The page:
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The first section expands his assertion that paternalistic healthcare systems (personified by FDA, AMA, and traditionalists) is really behind the times and the notion "nothing about me without me" is increasingly becoming not only feasible but also demanded by the patients. Providing a detour explaining the evolution of interpretations of the Hippocrates oath, Topol uses that opportunity to take issue (yet again) with the AMA and the entire practice around guidelines. While arguing for increased access for patient-related information to the patients, Topol clearly acknowledges the difference in information and knowledge gaps and points out that mere access is not sufficient, but it is a critical step in rethinking patient engagement and direct participation. To further expand on these themes, Topol borrows Eisentien's characterization of printing press as a change agent and draws significant parallels with that transformation and smartphones, calling this the "Gutenberg moment". While a healthy skepticism is warranted in the claims of everything from holy wars to Renaissance to modern science and founding of american republic is attributed directly to the printing press, one cannot easily dismiss the "combinatorial intellectual activity" printing facilitated. Topol argues (successfully) further that the technology already exists to enable this remarkable period of creativity in healthcare. Using relatively recent episodes such as FDA v/s 23andme and Angelina Jolie's aggressive preventive measures, Topol provides a very informative and engaging view of how the healthcare system is clearly at an inflection point.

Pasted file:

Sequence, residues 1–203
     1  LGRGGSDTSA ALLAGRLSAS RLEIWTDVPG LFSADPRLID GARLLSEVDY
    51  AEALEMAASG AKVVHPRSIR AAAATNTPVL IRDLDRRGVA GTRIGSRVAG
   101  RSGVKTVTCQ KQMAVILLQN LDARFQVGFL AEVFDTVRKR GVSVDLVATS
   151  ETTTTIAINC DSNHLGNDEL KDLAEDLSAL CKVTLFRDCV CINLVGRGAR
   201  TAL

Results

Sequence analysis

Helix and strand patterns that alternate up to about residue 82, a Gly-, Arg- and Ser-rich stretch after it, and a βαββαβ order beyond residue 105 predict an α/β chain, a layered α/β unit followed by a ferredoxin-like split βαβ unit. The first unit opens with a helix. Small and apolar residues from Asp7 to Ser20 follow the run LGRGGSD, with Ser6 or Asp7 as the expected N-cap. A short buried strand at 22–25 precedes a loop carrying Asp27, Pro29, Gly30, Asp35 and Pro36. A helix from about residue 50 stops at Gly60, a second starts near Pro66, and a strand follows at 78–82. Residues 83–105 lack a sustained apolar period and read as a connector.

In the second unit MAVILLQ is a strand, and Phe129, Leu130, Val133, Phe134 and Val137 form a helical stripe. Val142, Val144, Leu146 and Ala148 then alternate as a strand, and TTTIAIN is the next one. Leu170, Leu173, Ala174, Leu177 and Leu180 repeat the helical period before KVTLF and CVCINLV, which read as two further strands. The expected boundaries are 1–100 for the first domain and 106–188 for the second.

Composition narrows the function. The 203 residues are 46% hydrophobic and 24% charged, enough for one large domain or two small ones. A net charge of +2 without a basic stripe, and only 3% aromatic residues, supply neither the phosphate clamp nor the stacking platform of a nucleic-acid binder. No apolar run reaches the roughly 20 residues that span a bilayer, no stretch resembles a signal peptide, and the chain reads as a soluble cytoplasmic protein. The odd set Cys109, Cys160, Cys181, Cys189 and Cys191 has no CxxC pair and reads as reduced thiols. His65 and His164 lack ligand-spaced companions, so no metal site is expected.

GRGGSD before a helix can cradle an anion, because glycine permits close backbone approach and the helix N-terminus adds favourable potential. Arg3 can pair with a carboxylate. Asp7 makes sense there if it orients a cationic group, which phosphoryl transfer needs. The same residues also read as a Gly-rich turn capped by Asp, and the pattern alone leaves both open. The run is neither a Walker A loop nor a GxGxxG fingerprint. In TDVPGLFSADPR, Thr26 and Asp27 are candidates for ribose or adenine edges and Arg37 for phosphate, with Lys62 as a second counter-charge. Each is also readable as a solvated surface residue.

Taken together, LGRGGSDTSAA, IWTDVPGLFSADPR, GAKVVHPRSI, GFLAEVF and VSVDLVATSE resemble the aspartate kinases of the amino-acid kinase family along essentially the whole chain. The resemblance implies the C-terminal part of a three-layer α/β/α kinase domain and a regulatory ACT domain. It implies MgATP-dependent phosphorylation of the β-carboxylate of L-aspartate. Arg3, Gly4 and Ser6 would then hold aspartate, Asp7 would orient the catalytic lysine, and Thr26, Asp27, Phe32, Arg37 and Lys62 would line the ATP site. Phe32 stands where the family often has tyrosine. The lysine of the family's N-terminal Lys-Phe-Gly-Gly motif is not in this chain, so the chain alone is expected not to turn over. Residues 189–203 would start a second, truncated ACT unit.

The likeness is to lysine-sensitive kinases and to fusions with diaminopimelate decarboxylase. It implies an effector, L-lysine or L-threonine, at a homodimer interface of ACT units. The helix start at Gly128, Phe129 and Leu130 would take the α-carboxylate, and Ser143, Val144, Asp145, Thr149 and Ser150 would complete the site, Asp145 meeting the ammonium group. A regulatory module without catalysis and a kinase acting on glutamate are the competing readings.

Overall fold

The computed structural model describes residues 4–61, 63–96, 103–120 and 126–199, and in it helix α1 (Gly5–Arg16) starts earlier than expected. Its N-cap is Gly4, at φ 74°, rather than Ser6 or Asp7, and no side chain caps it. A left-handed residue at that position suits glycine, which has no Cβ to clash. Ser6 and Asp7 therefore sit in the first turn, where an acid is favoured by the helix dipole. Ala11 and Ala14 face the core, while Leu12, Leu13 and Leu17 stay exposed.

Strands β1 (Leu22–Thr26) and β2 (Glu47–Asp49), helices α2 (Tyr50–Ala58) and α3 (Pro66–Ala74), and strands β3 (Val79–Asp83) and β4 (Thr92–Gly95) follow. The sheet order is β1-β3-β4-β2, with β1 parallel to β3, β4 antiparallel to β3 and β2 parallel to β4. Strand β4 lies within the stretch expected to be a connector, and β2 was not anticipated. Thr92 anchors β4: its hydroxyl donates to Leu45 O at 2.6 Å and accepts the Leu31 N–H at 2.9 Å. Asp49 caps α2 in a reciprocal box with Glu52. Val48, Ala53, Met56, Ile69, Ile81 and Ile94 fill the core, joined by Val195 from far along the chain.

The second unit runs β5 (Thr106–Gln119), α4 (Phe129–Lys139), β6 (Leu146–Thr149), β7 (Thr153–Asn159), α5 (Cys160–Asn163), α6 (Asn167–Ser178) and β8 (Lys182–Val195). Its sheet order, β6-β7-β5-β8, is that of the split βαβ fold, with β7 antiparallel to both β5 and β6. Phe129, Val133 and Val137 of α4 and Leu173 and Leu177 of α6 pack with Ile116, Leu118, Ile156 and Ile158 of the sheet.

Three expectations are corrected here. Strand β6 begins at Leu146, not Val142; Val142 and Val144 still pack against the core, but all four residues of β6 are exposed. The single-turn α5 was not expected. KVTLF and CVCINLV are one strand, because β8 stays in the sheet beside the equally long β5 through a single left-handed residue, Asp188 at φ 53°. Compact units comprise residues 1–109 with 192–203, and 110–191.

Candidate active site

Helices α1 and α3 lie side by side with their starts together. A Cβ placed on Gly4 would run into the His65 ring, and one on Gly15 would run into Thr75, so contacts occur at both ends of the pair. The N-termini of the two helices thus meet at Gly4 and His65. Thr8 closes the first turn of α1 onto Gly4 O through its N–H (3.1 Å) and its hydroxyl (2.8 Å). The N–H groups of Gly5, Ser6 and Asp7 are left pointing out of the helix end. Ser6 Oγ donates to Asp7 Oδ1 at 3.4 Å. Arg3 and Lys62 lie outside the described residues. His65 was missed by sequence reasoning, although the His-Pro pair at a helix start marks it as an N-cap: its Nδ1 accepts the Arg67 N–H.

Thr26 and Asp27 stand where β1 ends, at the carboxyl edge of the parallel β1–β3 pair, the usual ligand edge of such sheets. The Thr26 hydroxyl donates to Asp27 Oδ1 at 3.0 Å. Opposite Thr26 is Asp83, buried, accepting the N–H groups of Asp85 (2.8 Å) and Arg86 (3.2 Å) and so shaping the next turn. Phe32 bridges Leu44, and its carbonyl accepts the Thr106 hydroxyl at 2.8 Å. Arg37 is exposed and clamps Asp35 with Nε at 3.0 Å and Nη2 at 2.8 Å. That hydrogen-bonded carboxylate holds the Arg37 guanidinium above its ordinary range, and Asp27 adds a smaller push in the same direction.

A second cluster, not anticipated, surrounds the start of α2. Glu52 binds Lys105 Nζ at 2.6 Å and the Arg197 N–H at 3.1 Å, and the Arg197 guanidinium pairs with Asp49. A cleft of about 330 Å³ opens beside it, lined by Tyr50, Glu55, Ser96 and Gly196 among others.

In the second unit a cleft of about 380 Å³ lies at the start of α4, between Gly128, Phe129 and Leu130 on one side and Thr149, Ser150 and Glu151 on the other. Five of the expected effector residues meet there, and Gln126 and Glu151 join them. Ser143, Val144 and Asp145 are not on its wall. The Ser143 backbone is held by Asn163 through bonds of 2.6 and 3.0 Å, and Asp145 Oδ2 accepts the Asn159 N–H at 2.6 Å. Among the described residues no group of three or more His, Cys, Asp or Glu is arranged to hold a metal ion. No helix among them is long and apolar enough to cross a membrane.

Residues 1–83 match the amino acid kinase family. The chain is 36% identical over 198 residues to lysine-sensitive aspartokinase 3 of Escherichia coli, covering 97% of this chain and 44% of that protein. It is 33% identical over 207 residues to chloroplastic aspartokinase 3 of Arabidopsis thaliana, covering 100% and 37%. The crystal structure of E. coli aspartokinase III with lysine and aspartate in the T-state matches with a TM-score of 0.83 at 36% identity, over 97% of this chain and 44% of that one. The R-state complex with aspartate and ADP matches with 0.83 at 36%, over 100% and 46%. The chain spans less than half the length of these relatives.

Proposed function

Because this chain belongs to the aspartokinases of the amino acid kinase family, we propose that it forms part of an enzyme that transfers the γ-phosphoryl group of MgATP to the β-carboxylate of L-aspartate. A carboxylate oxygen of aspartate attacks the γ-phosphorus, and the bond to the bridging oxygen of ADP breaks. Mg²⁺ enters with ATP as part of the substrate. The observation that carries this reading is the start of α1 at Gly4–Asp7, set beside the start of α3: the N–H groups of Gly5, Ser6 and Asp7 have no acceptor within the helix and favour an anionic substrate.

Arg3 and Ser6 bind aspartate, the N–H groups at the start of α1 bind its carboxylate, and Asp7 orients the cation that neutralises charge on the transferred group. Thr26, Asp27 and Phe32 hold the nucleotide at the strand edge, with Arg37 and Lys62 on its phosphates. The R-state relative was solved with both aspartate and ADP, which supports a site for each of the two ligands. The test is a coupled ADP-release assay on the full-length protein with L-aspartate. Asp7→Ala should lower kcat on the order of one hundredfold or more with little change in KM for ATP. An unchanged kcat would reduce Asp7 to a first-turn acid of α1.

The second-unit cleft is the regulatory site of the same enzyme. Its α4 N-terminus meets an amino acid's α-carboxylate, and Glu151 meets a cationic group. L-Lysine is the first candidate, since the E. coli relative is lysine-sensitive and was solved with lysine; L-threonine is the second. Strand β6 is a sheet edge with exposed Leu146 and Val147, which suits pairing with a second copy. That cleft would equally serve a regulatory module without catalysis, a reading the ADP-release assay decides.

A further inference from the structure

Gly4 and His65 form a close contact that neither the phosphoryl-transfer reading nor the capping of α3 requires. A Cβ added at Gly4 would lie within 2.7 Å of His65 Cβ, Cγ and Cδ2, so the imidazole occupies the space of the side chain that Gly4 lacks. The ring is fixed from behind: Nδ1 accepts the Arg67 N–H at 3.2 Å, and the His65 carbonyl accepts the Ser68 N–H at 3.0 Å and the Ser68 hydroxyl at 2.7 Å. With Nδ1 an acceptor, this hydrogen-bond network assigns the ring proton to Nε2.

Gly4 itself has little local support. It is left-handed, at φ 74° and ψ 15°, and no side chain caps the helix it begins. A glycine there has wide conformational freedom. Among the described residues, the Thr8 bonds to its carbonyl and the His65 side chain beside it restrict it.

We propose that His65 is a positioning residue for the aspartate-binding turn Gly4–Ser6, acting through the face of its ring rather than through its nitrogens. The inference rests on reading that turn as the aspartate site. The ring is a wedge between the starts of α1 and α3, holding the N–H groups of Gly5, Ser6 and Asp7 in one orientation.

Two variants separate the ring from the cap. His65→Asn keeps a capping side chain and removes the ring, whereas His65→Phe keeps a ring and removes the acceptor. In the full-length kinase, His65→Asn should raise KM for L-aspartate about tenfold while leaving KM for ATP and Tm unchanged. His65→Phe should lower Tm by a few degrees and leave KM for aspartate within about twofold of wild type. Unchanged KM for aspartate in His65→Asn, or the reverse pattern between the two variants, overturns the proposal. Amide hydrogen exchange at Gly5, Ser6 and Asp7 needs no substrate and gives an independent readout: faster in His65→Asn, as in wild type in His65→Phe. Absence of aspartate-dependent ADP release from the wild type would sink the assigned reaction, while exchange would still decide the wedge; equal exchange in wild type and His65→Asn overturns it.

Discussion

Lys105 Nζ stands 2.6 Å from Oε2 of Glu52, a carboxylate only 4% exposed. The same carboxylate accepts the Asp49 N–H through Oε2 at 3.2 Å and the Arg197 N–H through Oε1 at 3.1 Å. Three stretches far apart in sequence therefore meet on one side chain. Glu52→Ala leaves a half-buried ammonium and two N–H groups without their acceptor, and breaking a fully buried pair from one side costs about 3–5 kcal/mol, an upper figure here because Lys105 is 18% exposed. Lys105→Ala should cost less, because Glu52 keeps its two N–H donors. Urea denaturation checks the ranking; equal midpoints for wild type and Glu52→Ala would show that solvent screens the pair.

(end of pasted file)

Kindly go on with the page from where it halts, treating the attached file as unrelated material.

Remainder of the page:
In the second section, Topol focuses primarily on the key enabling technologies that will make his vision of a democratized and personalized healthcare a reality. Moving beyond traditional logging devices, Topol paints a realistic vision of the technologies and the opportunities they are already creating such as from lab-on-a-chip to lab-in-body. Along the way, his insights on the failures of EMR systems (using OpenNotes as a contrast), potential of "pre-womb to tomb" predictive/diagnostic models is well worth the read. In fact, the chapter on the various -omics and their potential role (adapted from his famous paper in Cell) and examples on pre-diabetic and airway diseases in itself is worthy of investing in this book. A reader will also gain significant insights about some trailblazing companies like Theranos, QuantuMDx, etc. The discussion around how 3 of the 5 imaging technologies have already been miniaturized to hand-held devices is a clear indication of the realism embedded in Topol's assertions.